Let's do the same for classname so we can have different sized boxes. We'll remove the box--small and instead pass that into where we're rendering the box. We'll say class name equals box--small. We're going to have the same problem we had before, so we'll need to merge these two props together ourselves.

    Let's destructure classname out and assign the classname on the div to a template literal instead. We'll say box and then interpolate the classname that we're given. Cool, that's working. There's one more consideration here. Let's remove the classname from where we're rendering the box and check out the DOM.

    You'll see that we're getting the classname of undefined. That's probably OK, but let's go ahead and clean it up. This is happening because the classname prop does not exist, so it's undefined. We'll add a default value for the classname to be an empty string.

    Now, that's gone and there's an empty space there. We could add a trim to this template literal like this to get rid of that space, but I don't really think that's necessary. All right. Awesome.

    Now, let's go ahead and render a couple other boxes, each with a different color and size. We'll do medium, we'll make that pink, and then we'll do large, and we'll make that orange. This is composing together really nicely.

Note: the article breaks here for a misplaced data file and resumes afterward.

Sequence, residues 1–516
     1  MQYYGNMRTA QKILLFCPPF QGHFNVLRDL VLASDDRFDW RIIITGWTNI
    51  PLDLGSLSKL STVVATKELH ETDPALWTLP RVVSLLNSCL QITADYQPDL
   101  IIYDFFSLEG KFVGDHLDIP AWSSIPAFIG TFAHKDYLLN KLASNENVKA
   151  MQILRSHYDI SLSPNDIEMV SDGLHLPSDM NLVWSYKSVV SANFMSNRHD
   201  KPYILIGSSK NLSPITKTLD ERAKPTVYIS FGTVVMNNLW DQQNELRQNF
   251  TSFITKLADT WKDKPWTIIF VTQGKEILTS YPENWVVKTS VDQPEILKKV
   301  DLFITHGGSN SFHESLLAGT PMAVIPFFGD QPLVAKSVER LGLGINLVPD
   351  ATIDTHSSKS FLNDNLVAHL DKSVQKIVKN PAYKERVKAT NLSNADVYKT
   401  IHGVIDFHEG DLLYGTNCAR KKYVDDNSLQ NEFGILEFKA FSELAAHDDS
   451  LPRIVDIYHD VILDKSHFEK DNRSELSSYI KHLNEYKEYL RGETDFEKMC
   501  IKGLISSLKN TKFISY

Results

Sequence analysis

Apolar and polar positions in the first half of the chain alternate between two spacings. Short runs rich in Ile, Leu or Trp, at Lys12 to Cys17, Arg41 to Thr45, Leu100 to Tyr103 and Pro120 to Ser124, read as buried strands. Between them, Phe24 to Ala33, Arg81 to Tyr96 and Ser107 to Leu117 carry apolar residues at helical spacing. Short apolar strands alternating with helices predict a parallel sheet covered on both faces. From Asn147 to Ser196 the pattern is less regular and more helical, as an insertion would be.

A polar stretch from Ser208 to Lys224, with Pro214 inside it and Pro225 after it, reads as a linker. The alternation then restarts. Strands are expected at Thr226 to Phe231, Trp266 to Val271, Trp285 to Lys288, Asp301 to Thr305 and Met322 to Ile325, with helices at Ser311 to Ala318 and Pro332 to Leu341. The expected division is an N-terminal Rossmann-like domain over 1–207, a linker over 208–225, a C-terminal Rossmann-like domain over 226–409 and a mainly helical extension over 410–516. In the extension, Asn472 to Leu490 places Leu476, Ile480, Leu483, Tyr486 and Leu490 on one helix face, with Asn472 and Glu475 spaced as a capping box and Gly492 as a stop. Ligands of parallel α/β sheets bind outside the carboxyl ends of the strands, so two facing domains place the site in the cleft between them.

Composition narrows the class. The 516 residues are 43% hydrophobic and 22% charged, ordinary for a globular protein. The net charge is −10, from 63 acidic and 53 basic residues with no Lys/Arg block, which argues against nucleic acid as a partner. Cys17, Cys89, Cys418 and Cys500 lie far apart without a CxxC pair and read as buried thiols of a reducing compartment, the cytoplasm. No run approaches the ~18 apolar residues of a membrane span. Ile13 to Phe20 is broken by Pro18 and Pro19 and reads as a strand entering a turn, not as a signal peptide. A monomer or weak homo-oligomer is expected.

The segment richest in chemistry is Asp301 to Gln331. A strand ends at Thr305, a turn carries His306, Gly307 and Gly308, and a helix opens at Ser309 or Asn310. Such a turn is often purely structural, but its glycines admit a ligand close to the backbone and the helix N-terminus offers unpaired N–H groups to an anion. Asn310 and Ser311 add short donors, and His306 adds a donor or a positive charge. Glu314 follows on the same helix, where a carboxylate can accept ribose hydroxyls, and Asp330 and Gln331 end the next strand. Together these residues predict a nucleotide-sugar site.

One concern I have with this is that the classname to get these different sizes has to be known by the users of the box component. It'd be much better if the users could tell the box what size it should be and then the box could apply the right classname itself. That way, all of the styling logic for the box resides in the box component.

    Instead of a classname prop, let's use a size prop where we can pass a string for the size like small. Let's destructure out the size prop and calculate classname based on that value. We'll say const size classname equals size ternary box--size or empty string. Then we'll interpolate that into our classname prop.

    Now, this box works exactly as it had before only now the relevant styling information is entirely contained in the box component. We can still pass overrides for the in-line styles and classnames. This makes it really nicely composable. Let's go ahead and do the same thing for the medium and large boxes just for good measure.

    In review, to style a React component, you can use the classname prop to assign classnames used in regular CSS styles, and you can use the style prop which accepts an object of CSS. One more important thing to note about the style prop is that the values are not vendor prefixed for you, so you'll have to do that yourself.

    There are a couple other problems within in-line styles as well. There are a couple libraries to overcome some of these problems. Popular libraries include styled components, emotion, and glamorous. I highly recommend you give these a look if you're planning on building a serious React application.